Wednesday, August 3, 2011
Swinging and missing
People often ask me what I do for a living and I respond, "I'm a bookseller." Frequently people will say, "There has to be a better title than that." And, it's true, it is something I've given a good deal of thought to over the years. Tastemaker is a term I've heard used by friends both in and out of the book world. But no matter how that word is framed it just seems highfalutin to me. I am a bookslinger. I am a bookseller.
There are lots of aspects of this job that I like but the best part for me is recommending books to a reader or for someone to give as a gift. It's always fun and challenging and rewarding to help get just the right books to people. Earlier today I had a customer tell me I had helped her choose a book for her father and that he had loved. That, alone, makes a day worthwhile. That is all we can hope for.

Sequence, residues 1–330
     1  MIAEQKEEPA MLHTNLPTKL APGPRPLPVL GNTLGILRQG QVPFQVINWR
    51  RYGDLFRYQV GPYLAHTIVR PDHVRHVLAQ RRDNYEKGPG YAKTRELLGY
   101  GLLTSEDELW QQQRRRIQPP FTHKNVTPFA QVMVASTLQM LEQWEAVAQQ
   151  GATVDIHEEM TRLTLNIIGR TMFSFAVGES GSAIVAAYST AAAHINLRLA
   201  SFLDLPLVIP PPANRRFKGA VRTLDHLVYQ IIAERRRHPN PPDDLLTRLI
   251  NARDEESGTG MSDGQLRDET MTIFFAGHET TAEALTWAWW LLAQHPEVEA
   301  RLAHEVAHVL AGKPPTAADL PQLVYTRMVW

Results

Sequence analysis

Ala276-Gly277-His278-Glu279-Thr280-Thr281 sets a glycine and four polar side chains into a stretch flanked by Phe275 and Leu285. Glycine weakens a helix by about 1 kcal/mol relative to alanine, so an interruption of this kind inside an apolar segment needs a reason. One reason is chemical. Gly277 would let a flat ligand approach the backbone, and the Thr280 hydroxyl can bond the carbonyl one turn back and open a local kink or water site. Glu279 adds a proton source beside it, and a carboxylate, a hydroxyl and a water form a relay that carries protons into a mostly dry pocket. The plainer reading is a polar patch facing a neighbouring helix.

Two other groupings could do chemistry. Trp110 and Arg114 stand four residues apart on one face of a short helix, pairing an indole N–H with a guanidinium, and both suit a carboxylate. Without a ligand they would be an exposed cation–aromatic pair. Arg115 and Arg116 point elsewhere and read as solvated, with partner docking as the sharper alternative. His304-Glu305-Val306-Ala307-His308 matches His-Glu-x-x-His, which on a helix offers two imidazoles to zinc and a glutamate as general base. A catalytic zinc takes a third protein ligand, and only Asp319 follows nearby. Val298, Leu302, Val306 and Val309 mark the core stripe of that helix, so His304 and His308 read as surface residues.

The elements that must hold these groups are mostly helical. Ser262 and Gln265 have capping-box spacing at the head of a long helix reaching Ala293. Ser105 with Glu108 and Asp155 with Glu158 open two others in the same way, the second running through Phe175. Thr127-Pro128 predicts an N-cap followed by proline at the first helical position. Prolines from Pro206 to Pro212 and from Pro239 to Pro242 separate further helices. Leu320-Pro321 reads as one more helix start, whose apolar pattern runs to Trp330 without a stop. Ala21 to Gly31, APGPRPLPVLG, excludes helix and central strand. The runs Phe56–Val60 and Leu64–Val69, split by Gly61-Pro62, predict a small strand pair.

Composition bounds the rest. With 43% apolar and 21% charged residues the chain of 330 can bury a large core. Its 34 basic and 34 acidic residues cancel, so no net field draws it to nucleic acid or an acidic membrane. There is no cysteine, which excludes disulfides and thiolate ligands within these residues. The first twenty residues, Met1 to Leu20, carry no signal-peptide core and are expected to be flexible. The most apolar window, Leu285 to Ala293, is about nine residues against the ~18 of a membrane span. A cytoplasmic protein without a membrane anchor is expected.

Yet, there is failure. A failure to understand who the gift is for exactly. Their particular likes and dislikes--some of which we weren't privy to. A failure to match the right reader and book on a particular day even. A failure to find the novel that is "entertaining, but not overly simplistic. not middle-brow or too esoteric." I admit it: sometimes these things do not work out. And that's no fun for anyone involved. People often complain about baseball players or weathermen. Three and a half out of ten will get you into the Hall of Fame or 50% is doing your job well. I, we, want to do better than that and know that if we only get four or five out of ten right then people will quickly be looking for other options.
So when I hear from a reader that didn't like a suggestion I try to remain calm and let them know it happens. I'll try harder. Tell me what you didn't like. What else should I be looking for? That puts us back on the trail towards success and a book that will please.
Like all fun things, there is a little danger in suggesting books. It's a high-wire act without the threat of death. And, for that, I am thankful.